Scott Blackmer provides a "discovery" checklist for global enterprises handling personal data from multiple jurisdictions, as well as advice on a global approach to privacy compliance and risk management.
Dave and I recently spoke with Nymity regarding privacy and data security issues in cloud computing deals. You can read the interview here.
A new set of EU standard contract clauses ("SCCs" or "model contracts") for processing European personal data abroad came into effect on May 15, 2010. Taken together with a recent opinion by the official EU "Article 29" working group on the concepts of "controller" and "processor" under the EU Data Protection Directive, this development suggests that it is time to review arrangements for business process outsourcing, software as a service (SaaS), cloud computing, and even interaffiliate support services, when they involve storing or processing personal data from Europe in the United States, India, and other common outsourcing locations.
It often makes sense to refer to an information security management framework or standard in an outsourcing contract, but this is usually not very meaningful unless the customer also understands what particular security measures the vendor will apply to protect the customer's data.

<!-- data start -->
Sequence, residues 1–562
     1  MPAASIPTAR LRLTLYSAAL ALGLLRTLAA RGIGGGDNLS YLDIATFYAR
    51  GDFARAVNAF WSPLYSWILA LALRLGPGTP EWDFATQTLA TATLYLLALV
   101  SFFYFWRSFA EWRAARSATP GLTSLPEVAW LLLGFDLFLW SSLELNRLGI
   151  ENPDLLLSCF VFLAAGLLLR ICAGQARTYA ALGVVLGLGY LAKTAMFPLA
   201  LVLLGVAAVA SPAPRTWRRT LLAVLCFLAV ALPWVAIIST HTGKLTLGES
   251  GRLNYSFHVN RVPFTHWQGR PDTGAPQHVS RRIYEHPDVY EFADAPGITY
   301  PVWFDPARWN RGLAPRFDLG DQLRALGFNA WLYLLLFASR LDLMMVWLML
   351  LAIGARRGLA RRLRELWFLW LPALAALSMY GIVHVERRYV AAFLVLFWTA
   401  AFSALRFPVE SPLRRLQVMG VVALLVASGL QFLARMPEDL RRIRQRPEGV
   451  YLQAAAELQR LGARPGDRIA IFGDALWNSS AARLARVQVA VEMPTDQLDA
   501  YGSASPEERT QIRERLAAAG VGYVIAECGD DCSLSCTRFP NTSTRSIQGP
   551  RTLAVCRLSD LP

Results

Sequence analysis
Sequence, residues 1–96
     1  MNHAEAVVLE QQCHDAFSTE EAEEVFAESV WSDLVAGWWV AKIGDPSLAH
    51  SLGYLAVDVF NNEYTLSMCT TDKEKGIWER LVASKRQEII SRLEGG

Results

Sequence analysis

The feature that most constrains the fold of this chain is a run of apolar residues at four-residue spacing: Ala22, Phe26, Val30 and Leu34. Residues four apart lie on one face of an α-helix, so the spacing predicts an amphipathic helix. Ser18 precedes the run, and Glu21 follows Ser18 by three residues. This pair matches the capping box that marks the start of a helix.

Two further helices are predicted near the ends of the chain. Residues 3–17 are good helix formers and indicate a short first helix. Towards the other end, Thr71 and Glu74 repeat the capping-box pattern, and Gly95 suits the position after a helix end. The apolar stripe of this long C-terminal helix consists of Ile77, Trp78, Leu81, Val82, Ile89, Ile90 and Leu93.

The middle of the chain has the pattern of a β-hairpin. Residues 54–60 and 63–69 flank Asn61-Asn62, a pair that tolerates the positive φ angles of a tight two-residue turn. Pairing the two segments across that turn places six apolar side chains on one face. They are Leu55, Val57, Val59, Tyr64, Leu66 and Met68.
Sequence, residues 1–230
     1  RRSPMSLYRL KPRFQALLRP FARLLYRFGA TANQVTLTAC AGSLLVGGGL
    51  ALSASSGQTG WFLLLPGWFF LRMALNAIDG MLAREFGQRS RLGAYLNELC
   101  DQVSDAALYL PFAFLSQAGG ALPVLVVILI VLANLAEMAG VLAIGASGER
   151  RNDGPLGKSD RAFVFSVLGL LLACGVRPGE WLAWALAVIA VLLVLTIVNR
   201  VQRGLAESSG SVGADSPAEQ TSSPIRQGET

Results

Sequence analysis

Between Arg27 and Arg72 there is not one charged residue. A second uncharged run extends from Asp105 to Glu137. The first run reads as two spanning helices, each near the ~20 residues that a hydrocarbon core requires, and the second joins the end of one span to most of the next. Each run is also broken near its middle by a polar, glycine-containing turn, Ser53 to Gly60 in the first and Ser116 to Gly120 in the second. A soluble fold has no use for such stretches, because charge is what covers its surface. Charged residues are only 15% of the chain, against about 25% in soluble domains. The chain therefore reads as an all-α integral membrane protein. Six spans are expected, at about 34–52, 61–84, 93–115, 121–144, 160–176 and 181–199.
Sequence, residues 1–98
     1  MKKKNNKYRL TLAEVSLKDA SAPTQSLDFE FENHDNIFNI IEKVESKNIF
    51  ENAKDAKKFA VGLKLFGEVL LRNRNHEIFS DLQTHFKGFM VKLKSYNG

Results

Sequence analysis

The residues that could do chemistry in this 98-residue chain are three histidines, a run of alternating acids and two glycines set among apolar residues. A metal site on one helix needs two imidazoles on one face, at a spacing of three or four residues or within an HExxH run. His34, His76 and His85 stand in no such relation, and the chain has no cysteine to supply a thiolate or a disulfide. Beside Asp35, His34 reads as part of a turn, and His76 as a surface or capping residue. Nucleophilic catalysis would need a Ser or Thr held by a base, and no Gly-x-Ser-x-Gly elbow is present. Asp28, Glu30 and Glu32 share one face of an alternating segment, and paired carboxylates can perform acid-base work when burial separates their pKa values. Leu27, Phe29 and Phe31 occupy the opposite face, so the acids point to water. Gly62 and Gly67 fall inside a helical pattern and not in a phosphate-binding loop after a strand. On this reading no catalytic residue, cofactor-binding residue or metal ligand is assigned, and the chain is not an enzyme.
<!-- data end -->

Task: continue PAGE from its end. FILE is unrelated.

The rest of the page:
As many of our readers know, the International Association of Privacy Professionals (IAPP) will celebrate 10 years this Tuesday, March 16. In connection with that anniversary, the IAPP is releasing a whitepaper, "A Call For Agility: The Next-Generation Privacy Professional," tomorrow, March 15. I am honored that the IAPP has given me the opportunity to read and blog about the whitepaper in advance of its official release.
The European Commission has announced a new set of standard contractual clauses to be used in agreements with processors located outside the EU / EEA. The new SCCs represent an effort to better ensure privacy protection when European personal data are passed on to subcontractors in business process outsourcing, cloud computing, and other contexts of successive data sharing.
I had the pleasure of hearing an excellent presentation by Tanya Forsheit on the legal issues arising out of cloud computing during the ABA Information Security Committee's recent meeting (at the end of July) in Chicago. The presentation resulted in a spirited debate between several attorneys in the crowd. The conversation spilled over into happy hour and became even more interesting. The end result: my previous misunderstanding of cloud computing as "just outsourcing" was corrected, and now I have a better appreciation of what "the cloud" is and the legal issues cloud computing raises.